Melbourne whether they supported the letter from the University of Chicago to new students which encouraged them “to speak, write, listen, challenge and learn without fear of censorship”. Albrechtsen found that no Australian university was willing to endorse the letter. In fact, they refused to reply, which is peculiar behaviour for publicly financed institutions and appears to defy the ideas of transparency and accountability. I wonder whether this breaches any law or uni policy. Perhaps the people asked were confidence lacking women?

          Universities in the Anglosphere may fall back on freedom eroding laws, for example Melbourne’s workplace behaviour policy states it “supports compliance” of twenty statutes including Australian Human Rights Commission Act 1986 and Workplace Gender Equality Act 2012. Of course, throughout the history of higher education institutions have defied laws deemed unjust, though at times these breaches were done to infringe the rights of students and academics.

          For the greater good and larger truth, presumably.

    • Yes, ever so incrementally, the tide is turning against the cultural Marxists but only after a very few stood their conservative ground and fought back loudly using both media and the courts as their offensive weapons. One year ago I used these weapons to defeat Santa Barbara City College cultural Marxists who tried to fire me after 23 years. After only two months of my coordinated media and legal counterattack the Marxists backed down and awarded me $ 120,000.00 as compensation for their failed systemic effort to squash both my First Amendment rights and my academic freedom. I found no public support on campus, but my inbox collected many secret notes “I’m with you 100%, Mark, but I can risk losing my teaching job, my house, and my family by sticking my neck out as you are doing.” That was the only sad part of my own little war against the cultural Marxists who tried to banish me after 23 years of exemplary teaching.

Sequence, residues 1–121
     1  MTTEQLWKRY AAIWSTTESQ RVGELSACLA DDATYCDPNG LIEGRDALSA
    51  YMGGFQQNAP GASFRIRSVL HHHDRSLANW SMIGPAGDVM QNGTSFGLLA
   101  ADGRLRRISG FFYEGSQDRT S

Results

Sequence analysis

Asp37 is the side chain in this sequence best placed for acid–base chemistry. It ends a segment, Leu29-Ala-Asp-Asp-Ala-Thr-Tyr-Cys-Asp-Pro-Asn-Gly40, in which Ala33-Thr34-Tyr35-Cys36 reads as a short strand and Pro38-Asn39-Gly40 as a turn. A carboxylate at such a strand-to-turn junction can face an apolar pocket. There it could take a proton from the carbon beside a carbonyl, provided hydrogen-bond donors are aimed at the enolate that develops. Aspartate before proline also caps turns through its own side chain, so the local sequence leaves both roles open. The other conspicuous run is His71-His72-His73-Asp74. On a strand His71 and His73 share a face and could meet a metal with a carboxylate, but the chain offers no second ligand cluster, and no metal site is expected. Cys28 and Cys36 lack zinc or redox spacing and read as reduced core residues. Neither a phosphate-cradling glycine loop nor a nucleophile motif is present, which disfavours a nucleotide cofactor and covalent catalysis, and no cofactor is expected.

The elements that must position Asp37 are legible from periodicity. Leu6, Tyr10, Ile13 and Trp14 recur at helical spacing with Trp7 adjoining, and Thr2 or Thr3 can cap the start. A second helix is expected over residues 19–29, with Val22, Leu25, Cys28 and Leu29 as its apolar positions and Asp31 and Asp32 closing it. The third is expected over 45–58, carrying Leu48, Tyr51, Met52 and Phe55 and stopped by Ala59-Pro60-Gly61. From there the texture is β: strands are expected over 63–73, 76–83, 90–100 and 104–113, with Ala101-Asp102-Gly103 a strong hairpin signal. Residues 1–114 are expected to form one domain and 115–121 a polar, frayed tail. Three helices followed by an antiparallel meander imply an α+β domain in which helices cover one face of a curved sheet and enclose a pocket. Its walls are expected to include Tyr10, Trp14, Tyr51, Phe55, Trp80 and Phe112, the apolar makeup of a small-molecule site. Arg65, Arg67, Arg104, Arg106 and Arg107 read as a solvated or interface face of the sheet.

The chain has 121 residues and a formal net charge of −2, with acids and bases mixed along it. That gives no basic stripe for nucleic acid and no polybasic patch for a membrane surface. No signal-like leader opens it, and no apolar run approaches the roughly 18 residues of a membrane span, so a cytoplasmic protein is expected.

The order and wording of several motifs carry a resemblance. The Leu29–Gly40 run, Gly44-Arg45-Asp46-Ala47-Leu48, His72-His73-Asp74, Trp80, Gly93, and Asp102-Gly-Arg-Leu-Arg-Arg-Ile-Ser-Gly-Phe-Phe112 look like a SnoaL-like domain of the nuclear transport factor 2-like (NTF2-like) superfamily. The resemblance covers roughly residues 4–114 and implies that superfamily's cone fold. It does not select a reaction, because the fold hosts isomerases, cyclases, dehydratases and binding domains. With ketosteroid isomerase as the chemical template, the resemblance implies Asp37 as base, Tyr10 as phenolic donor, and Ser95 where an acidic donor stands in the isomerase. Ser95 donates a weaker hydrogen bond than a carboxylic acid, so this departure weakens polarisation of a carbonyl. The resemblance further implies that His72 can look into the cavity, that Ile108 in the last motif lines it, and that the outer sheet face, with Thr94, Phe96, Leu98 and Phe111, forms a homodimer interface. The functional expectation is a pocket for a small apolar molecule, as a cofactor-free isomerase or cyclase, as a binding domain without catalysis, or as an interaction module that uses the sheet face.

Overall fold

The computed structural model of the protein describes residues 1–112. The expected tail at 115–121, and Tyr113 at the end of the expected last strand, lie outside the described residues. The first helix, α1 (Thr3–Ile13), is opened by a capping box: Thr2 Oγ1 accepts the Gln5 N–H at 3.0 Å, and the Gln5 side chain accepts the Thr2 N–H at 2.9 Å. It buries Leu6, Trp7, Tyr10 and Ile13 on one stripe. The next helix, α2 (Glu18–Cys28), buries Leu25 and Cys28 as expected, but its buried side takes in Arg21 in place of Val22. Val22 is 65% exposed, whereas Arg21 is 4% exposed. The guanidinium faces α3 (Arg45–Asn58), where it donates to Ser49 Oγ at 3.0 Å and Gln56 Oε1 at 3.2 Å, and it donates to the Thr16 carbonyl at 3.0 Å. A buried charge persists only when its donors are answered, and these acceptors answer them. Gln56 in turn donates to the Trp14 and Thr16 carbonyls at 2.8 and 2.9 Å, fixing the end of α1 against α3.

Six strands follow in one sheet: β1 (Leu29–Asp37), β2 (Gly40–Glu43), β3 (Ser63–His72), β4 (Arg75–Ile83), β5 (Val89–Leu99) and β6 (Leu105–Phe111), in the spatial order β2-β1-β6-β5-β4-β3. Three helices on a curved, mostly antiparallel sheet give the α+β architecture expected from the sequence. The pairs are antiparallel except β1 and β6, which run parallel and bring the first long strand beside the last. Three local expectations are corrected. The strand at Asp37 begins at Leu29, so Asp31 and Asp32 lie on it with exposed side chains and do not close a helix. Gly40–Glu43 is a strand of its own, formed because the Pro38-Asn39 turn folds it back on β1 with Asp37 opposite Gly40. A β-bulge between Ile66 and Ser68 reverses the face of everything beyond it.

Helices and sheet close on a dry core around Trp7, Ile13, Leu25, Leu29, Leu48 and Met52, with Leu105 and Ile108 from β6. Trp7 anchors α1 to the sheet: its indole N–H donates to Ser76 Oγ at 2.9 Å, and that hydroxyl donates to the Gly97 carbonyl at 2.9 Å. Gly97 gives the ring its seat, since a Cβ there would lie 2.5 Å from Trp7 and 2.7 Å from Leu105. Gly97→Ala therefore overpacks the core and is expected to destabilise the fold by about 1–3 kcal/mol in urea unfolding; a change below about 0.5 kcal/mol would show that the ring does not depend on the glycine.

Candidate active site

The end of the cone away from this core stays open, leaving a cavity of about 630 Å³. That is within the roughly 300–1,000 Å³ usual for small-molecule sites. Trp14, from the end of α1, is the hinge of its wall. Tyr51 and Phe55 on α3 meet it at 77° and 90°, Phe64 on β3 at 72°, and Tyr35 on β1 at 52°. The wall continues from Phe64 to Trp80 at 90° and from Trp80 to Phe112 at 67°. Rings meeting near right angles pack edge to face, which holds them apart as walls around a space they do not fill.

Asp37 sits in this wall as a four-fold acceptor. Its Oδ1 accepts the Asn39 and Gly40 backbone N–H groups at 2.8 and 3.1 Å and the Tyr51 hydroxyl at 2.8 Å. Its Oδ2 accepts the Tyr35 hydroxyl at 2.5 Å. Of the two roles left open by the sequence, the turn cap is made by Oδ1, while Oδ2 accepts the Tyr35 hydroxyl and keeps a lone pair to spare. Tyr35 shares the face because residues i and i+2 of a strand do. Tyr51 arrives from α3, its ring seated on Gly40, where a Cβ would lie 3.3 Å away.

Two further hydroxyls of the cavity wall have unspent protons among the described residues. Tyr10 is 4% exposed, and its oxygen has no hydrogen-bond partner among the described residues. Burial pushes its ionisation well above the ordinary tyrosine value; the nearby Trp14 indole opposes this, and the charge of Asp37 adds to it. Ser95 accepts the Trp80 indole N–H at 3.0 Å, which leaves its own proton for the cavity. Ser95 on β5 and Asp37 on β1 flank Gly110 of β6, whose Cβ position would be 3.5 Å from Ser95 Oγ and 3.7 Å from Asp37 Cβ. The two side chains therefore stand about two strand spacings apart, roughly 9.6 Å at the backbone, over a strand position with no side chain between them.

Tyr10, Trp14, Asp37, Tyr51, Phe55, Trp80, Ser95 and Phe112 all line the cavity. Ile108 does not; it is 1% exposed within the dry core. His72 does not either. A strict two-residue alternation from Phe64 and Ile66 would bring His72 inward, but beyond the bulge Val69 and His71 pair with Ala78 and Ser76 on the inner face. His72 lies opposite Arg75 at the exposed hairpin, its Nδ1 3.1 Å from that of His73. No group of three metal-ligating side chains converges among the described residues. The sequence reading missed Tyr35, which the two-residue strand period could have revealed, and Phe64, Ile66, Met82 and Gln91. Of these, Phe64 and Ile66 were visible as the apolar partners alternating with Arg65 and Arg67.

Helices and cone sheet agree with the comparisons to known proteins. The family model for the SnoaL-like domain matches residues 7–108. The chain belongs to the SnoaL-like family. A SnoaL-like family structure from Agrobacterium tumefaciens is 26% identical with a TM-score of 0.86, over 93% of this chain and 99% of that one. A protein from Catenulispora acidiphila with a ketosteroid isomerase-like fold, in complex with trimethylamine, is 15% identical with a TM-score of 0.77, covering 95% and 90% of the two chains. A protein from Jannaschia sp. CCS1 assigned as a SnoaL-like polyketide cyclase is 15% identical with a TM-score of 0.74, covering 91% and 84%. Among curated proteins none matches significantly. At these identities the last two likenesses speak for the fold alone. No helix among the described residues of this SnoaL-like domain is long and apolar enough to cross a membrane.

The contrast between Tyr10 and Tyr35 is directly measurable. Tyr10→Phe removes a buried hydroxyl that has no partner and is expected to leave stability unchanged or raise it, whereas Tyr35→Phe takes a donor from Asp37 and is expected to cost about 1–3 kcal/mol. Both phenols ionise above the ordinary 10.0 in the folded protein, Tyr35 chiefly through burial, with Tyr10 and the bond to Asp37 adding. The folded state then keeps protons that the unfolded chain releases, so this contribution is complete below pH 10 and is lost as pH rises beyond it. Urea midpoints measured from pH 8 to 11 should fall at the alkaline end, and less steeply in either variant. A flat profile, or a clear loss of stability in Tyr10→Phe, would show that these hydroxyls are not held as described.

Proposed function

You can read about my little skirmish triumph at this link:

      So, I’ve started a DECLARATION OF WAR AGAINST THE STATE OF CULTURAL MARXISM petition to be signed for the reticent. You can sign it at this link.

      We want no money…just a head count of those pushing back the front lines in the cultural Marxist war against freedom, evidence, and the rule of both law and reason over feelings.

      — Cordially
      Professor Mark McIntire
      SBCC Philosophy Department, Retired

  2. Memetic Tribe says

    The modern university = bread and circuses

  3. Morgan Foster says

    No cause for alarm. Keep your heads down, your mouths shut, and you just might get out of here with a degree.

    • ga gamba says

      Still… that’s a very expensive game of Simon Says.

  4. cfkane1941 says

    I think I need to let go of this stereotype I have of behavioral neuroscientists. The one about them being really thoughtful, skeptical of their own ideas, dedicated to looking at all parts of an issue, and never adopting a Pollyanna attitude.

    Because this column is simply a lot of words expressing the argument, “Shut up.”

  5. My experience as a student in humanities is this: Yes, things are not as terrible as some people imagine them to be, but there’s still a problem. Many feel the need to censor themselves in order to avoid controversy, even when it some to evidence-based things like “there’s no proof that multicultural societies are more equal” or “heritability exists” or “certain ethnic groups appear to commit more crime than others”. Literally saying factual things like “certain ethnic groups appear to commit more crime than others fore various reasons” can put you at risk. We actually had a professor who got in trouble because of saying something like that.

    • Emma says